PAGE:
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AN EXPLORATORY STUDY OF THE ASSOCIATION BETWEEN SELF-ESTEEM LEVELS IN ADULTS AND RETROSPECTIVE REPORTS OF THEIR PEER RELATIONS AND MOTOR SKILLS IN CHILDHOOD

 

Adella GILL1,
Sophie BRIGSTOCKE1,
Adam GOODY1,2
1Department of Psychology, University of York
2Department of Psychology, Durham University
E-mail: sophie.brigstocke@york.ac.uk
Received: 03-March-2020
Revised: 15-April-2020
Accepted: 28-April-2020
Online first: 29-April-2020

Abstract

Introduction: The association between motor coordination difficulties (a core feature of Developmental Coordination Disorder) and mental health difficulties, such as low self-worth, anxiety and depression is well documented. This study extends existing research by exploring whether this association is mediated by factors such as bullying or social inclusion during childhood.

Method: This study used a retrospective design in which 217 adult participants completed an online questionnaire which asked about their motor skills in childhood, recollections of peer relationships in primary school, and their current level of self-esteem.

Results: Participants’ recollections of their motor skills in childhood was strongly associated with their current self-esteem self-rating. This finding is consistent with previous studies. Investigation of this association suggests it was mediated by participants reporting lower feelings of social inclusion in childhood. This suggests that adults who report feeling socially excluded at primary school are at risk of experiencing lower levels of self-esteem in adulthood. Interestingly, no association was revealed between low levels of adult self-esteem and recollections of overt bullying in childhood.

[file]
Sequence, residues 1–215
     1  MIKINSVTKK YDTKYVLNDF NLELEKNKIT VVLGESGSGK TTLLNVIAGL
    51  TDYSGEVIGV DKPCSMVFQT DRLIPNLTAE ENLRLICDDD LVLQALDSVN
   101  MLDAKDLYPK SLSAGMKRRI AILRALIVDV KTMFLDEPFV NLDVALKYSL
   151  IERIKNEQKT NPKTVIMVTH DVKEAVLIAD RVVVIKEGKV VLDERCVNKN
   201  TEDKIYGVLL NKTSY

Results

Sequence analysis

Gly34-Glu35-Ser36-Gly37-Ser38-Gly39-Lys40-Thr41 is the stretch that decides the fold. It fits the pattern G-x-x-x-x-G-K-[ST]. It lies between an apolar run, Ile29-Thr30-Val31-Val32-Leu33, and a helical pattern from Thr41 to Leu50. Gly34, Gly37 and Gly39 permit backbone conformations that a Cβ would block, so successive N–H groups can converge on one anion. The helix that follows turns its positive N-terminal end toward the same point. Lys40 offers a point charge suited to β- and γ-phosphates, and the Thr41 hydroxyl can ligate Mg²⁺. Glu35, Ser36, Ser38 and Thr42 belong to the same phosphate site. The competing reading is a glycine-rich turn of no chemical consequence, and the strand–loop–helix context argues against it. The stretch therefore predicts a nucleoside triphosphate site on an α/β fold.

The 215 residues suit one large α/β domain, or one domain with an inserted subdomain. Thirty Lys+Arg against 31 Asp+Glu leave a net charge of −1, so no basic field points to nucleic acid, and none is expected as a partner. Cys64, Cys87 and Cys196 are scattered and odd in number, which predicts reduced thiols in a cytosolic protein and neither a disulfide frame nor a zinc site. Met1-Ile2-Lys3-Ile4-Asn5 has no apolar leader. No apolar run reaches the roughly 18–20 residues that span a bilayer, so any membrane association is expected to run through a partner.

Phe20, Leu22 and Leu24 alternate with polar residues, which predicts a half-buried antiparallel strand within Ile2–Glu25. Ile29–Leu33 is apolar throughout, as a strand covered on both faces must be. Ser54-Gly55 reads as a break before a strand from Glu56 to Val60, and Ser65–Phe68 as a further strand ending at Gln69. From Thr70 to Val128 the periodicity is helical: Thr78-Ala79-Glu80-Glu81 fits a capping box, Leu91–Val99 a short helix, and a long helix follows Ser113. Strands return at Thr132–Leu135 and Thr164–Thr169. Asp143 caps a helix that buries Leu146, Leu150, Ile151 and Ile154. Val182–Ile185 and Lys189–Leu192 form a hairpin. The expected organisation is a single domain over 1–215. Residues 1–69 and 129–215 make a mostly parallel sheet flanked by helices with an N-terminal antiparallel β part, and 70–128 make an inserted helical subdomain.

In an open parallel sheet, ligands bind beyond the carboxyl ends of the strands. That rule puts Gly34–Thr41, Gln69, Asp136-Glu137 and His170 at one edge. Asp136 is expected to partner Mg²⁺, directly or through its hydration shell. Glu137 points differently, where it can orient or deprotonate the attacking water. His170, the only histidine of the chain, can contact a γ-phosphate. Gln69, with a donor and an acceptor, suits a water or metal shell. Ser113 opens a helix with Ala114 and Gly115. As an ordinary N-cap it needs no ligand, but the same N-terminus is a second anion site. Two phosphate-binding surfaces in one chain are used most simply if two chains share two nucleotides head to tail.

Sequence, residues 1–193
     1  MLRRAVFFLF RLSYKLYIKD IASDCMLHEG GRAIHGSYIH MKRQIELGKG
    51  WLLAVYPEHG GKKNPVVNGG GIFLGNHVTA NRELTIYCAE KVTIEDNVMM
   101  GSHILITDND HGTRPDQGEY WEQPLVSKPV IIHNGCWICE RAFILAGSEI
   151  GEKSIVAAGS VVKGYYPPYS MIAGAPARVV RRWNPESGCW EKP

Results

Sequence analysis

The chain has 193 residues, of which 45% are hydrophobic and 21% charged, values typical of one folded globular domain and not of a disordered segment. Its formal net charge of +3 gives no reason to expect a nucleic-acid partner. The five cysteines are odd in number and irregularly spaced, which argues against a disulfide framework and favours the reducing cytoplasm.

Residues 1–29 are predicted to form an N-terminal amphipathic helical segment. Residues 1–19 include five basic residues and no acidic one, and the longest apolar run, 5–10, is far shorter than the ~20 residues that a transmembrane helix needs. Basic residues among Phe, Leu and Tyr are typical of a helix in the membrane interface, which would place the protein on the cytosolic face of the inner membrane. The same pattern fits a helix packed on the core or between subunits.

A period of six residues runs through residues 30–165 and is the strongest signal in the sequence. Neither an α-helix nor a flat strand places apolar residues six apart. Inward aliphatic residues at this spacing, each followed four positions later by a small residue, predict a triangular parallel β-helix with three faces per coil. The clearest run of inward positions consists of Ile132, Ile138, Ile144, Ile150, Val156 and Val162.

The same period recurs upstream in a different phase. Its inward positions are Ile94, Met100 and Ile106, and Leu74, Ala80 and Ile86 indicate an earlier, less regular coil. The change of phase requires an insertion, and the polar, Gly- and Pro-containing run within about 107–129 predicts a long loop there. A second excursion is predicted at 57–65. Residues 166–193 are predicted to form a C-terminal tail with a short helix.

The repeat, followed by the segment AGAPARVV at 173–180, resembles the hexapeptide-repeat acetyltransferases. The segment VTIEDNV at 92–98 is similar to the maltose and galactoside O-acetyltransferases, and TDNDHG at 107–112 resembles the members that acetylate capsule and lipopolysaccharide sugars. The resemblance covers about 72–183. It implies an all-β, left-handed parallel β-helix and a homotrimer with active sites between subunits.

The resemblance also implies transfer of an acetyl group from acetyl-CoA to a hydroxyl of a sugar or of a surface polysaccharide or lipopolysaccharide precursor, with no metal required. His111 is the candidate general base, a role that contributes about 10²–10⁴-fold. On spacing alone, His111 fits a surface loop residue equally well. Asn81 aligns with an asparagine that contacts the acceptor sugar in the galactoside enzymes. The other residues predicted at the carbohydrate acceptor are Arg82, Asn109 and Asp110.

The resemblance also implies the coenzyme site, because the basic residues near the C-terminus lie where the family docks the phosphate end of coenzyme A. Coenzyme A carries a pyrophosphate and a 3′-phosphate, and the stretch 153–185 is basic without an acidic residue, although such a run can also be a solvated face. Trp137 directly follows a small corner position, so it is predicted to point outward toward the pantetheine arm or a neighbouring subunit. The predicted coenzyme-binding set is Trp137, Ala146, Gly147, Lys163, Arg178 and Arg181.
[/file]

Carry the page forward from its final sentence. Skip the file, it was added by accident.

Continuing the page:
Conclusions: This finding, if extended suggests that social exclusion in childhood may be a risk factor for future wellbeing and self-esteem of individuals with difficulties with motor skills. This could have important practical implications, highlighting the importance of initiatives offered within primary schools to support social inclusion, especially for those with motor coordination difficulties. Teachers are well trained on anti-bullying tactics and anti-bullying campaigns are promoted to pupils in many areas. However, it is not clear that the impact of social exclusion, which can be harder to monitor, is highlighted as prominently. Further studies should consider gathering information from children and charting their self-esteem and perceived social inclusion longitudinally.

Key words: Developmental Coordination Disorder, Motor Coordination Difficulties, Bullying, Self Esteem, Social Exclusion, School Peer Relations

 

Citation: Gill, A., Brigstocke, S., Goody, A. An exploratory study of the association between self-esteem levels in adults and retrospective reports of their peer relations and motor skills in childhood. Journal for ReAttach Therapy and Developmental Diversities, 2020 Jul 05; 3(1):24-33. https://doi.org/10.26407/2020jrtdd.1.28

Copyright ©2020 Gill, A., Brigstocke, S., Goody, A. This is an open-access article distributed under the terms of the Creative Commons Attribution-NonCommercial 4.0 International License (CC BY-NC 4.0)

Corresponding address:
Sophie BRIGSTOCKE
Department of Psychology, University of York,
York, YO10 5DD, UK
E-mail: sophie.brigstocke@york.ac.uk

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